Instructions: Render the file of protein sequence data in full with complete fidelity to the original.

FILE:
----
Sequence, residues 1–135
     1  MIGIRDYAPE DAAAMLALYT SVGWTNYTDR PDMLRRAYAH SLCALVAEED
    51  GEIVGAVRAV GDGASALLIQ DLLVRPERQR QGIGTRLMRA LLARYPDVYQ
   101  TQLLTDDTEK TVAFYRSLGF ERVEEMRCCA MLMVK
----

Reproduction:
Sequence, residues 1–135
     1  MIGIRDYAPE DAAAMLALYT SVGWTNYTDR PDMLRRAYAH SLCALVAEED
    51  GEIVGAVRAV GDGASALLIQ DLLVRPERQR QGIGTRLMRA LLARYPDVYQ
   101  TQLLTDDTEK TVAFYRSLGF ERVEEMRCCA MLMVK